30% report often being annoyed by neighbors

July 25, 2011, 4:34 PM UTC

According to a recent YouGov survey on neighborly relations, half of Americans reported speaking to their neighbors at least once a week, while a little less than a third reported that they were regularly annoyed by activities conducted by those living in the houses or apartments near them.

Asked about how often they spoke with their neighbors, 17% of respondents said every day, while 32% said that they do so on a weekly basis. 26% of those surveyed, however, reported speaking to their neighbors rarely and 10% said never. Three in ten respondents said they were often annoyed by their neighbors. Contrary to the common stereotype, younger people reported being annoyed more often than their older counterparts.

 Among those who reported problems with their neighbors, loud music was the most common reason for complaint (cited by 45% of respondents). Other potential annoyances included:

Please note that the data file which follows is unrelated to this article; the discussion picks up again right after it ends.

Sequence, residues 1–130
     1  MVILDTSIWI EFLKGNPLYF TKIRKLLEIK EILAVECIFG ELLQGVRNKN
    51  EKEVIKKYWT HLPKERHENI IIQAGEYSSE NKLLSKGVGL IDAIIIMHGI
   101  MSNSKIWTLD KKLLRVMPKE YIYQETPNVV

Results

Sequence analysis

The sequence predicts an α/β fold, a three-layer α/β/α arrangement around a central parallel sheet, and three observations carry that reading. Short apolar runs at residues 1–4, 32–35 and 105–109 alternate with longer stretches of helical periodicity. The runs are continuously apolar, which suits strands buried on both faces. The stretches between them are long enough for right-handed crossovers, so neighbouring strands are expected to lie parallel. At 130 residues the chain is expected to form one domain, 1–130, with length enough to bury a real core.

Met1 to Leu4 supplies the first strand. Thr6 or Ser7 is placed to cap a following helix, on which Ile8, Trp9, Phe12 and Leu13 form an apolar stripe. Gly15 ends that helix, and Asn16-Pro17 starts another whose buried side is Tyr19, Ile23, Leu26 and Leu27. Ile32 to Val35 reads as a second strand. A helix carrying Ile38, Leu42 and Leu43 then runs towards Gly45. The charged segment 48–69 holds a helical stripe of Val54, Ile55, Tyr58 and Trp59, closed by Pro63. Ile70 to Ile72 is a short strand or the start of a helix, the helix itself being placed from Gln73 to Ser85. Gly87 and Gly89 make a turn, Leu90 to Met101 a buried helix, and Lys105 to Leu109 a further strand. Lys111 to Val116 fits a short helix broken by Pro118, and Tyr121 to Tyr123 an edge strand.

• Keeping property untidy (cited by 30% of respondents)
  • Loud pets (29%)
  • Loud parties (29%)
  • Loud conversations or arguments (26%)
  • Construction or remodeling (10%)
  • Noisy sexual activity (4%)

Respondents who were regularly annoyed by their neighbors chose to deal with their troubles in a variety of ways. 26% politely asked the offending neighbor to be more mindful or cease the activity. 22% complained to the police or another authority, while 8% brought up the grievance anonymously to a homeowner’s association or similar body. A further 8% decided to take a more forceful approach and admitted to confronting the neighbor in a heated or angry manner.

While things could sometimes come to blows, a majority of Americans (55%) said that keeping good relations with neighbors was important. Stronger connections between neighbors, however, were not so appealing. Only 18% of respondents they wanted to live in a neighborhood with a tight-knit community and just 20% said they made an effort to get to know their neighbors when they moved in. While cordiality was important, privacy seemed for many to be paramount. 38% said they didn’t like to get involved in their neighbors’ business and didn’t want their neighbors involved in theirs.